To try my best to hold him in place.
While Arejay put a stake through his black fucking heart.
The beast was straddling the lip now, one leg in and one out, and he had on knee-high black commander’s boots, canvas trousers, and a thick maroon coat lined with bear fur, heavy and dripping with the runoff and waste from earth’s inner sanctum. He turned toward us, the curve of his ancient, regal face like a crescent moon made of bone. He had a high forehead, dark caverns for eyes, and a long jaw, and when his mouth opened in surprise at my approach, he looked like “Ghostface” from Scream, only royal like a playing card, the red type, the prince of the dead.
I’d been quick to my feet, but Arejay was quicker, jumping forward in front of me and reaching for a fistful of the beast’s hair to yank back the head and open the target area, and he plunged that stake straight into Count Dracula’s chest like a battle axe sunk in green wood-stock. Black gore back-spattered Arejay in the face, and the figure before him writhed in sudden convulsions, grabbing for the embedded spike, digging at it, pawing and scratching as Arejay held him there to task. The fiend’s screams then became shrieks, almost insectile, as its face started darkening, wrinkling up hard like beef jerky under a heat gun, twisting into that of a man-sized rodent, a black bat with slanted red eyes, a mashed snout, coarse hairs spiked between its devil-ears, and long fangs hooked down and splintered.
It was screeching and spitting.
And its soldiers were coming on hard, the colony of bat-servants swooping back in for a last-ditch run at master and murderer in an “all’s lost” scenario where they meant to draw a tie, clearing the field of their betters so that uncontested, they could search for another champion in their strange netherworld and continue to pollute the woods with the haunt of their shadows.
But Arejay was not going to be taken, because I was going to protect him, I mean, I’d always hoped that if I were faced with a school shooter I would react heroically, not even thinking about self-sacrifice, saving the students.
I moved in front of Arejay Hale with my back to him, and I ran headlong toward the black nebula. The bats were almost upon me, and I couldn’t stop them, but I figured that my diversion might open an avenue for Arejay’s escape. Behind me I heard a powdery burst, and I figured that Vlad the Impaler had left this world in a cloud of bone-dust, garments formless now, falling back to the damp grave he’d crawled from.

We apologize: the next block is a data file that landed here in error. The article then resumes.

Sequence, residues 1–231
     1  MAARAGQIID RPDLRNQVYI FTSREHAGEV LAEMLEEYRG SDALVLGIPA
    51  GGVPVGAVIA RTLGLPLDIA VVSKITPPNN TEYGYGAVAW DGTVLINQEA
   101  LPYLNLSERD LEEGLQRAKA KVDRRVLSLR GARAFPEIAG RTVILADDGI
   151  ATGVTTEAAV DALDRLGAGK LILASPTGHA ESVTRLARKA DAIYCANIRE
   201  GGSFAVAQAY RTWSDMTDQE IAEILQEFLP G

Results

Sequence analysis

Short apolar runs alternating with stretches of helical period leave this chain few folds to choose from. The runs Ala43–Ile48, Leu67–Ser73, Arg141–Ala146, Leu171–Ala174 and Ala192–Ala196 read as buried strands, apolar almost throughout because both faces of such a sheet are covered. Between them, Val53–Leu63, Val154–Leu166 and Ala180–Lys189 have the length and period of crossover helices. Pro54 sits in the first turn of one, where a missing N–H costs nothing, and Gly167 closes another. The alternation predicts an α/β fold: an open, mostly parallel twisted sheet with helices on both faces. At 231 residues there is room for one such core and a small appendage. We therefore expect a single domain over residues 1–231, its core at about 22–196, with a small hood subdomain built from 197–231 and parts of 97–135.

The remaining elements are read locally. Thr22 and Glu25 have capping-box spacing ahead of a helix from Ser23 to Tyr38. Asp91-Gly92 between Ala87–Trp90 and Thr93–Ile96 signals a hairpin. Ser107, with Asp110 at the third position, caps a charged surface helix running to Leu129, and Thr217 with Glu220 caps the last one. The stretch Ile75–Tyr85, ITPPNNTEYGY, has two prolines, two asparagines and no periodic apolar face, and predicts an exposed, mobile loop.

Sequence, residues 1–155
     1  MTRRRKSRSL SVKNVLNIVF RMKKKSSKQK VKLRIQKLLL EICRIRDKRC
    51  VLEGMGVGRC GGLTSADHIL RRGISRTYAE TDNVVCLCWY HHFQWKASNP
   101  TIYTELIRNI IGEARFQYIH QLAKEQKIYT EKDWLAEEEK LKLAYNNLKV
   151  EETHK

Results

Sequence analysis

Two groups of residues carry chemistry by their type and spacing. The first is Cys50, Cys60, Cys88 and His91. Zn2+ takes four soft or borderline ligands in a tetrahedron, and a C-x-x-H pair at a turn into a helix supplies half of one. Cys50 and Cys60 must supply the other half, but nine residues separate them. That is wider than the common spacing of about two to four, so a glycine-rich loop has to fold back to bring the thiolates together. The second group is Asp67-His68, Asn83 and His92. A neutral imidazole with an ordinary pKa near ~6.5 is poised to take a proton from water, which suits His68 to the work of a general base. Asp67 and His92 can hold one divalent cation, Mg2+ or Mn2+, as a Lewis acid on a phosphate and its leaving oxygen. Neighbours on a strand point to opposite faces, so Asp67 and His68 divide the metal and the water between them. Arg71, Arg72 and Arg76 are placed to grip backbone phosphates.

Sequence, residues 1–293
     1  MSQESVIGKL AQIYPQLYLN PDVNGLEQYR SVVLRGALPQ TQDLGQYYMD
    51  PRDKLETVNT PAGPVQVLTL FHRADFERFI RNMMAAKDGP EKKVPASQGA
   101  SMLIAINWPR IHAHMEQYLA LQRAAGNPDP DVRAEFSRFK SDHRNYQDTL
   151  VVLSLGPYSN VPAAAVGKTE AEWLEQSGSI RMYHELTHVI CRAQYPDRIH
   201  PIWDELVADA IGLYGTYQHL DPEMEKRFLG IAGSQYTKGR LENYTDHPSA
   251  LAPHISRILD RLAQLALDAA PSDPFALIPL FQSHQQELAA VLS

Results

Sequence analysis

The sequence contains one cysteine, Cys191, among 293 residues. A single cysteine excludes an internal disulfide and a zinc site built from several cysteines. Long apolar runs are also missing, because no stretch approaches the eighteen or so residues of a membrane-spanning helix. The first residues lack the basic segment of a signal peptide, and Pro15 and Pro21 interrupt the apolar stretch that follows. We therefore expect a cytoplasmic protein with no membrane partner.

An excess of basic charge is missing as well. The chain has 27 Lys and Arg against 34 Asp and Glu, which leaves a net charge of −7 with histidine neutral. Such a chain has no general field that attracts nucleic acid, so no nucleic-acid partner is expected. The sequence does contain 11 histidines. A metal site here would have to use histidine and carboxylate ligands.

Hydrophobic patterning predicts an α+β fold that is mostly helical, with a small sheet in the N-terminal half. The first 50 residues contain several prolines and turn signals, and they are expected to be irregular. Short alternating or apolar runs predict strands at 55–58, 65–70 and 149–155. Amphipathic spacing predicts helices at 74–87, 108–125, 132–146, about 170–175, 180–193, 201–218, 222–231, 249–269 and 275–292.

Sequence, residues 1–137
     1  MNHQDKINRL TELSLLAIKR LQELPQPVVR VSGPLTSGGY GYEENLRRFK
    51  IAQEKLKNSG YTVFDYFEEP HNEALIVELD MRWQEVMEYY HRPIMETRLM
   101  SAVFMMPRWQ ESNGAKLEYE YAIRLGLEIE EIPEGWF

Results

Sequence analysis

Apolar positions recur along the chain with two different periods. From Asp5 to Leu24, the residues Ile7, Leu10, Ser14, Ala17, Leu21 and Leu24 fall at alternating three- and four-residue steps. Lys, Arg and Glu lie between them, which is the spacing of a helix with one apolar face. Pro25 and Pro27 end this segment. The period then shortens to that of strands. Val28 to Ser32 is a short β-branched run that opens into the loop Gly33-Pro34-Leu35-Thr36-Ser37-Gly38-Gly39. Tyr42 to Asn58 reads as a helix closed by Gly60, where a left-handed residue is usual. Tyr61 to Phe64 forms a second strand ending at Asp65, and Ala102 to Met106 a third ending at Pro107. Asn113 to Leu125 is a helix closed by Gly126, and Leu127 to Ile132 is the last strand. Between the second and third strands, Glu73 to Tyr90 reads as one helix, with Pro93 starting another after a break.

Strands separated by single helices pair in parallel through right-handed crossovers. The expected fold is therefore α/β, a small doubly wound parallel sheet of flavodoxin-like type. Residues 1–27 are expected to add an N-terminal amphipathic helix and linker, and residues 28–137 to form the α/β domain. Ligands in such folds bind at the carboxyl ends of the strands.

The bats came on and engulfed me to darkness, thick and complete.
“Love Bites (So Do I)” exclaim the band with this powerful song and video!
When it lifted, I was back at the TLA Theatre, out of the bathroom, now sitting at the bar, but it wasn’t the TLA Theatre and this wasn’t a “bar,” not really, not quite. It was an old-fashioned brew-pub, crowded with patrons wearing weathered, shoddy Victorian garb like you’d see in Oliver Twist, all bonnets and plain gray petticoats, bustles, low necklines and day dresses, and the men were in work clothes, trousers and suspenders, dark vests and sack coats, Bowlers and Charlie hats, and I was sitting between my two co-workers from the New London Forge, Joe Hottinger and Josh Smith. Our sleeves were rolled up, and like most smithies, we’d properly cleaned up before leaving the factory, wiping good around the eyes, making us look like racoons in the wavering light of the oil lamps. Next to us were two red-headed chimney sweeps, twins covered with soot and barely bigger than boys, and on the other side were four dock workers, one toothless, laughing uproariously, and another one wearing an eye-patch.
“Bloody hell,” Joe was saying. “Today, that new man, Jacob someone, a puddler’s helper was taking out a buggy of hot coals. He slipped on a plate and fell with the contraption tipping toward him. Lucky it had a crust on, or he’d been covered with live cinder.”
Josh took a long pull from his glass and wiped off his mouth with his forearm.
“Yeah,” he said. “I heard it still burned him bad. Broke his arm and both ankles.”
Someone bumped him, and he almost spilled.
“Watch it now,” he cautioned back over his shoulder, and the woman who’d elbowed up to the bar behind him scowled like a farm animal. She had dark braided pigtails and a bruise under her eye.
“I’m not a watcher,” she said, “I’m a doer, and I could do you for a shilling.”
“Where then?” he said, winking at us. “You got a fancy parlor nearby?”
“Oh, piss off then,” she spat. “Pint of bitter here, Freddie, no fuck that, make it a lager. I’ll drink it cold like an American, cause I’m just a poor little flower girl looking for a cowboy.”
There was laughter, some half-hearted cheers, and a voice at her left elbow said,
“I’ll have a go, dear.”
I leaned forward, but both Josh’s shoulder and the back of her head blocked my view. The man’s voice had given me shivers, rotten silk, like walking face-first into a spider web with your mouth open.
They made to leave together, and I turned on my stool to mark his face. But I was screened by a barmaid leaning in to exchange a wet cocktail tray, and a large man in overalls and a slouch hat pushing through to start complaining about the service.
Then I saw it, bobbing and weaving through the crowd toward the exit. A black top hat. This guy was tall. And over-dressed as compared to the rest of us.
“Bye Annie,” someone called. “Go spread ‘em for the dandies, but you should save your damned jaw for the rest of us!”
More laughter, and I said almost rhetorically,
“Yeah,” Joe said. “Annie Chapman. The cheapest fuck in White Chapel.”
“You’re kidding me.”
“About what?” Josh said.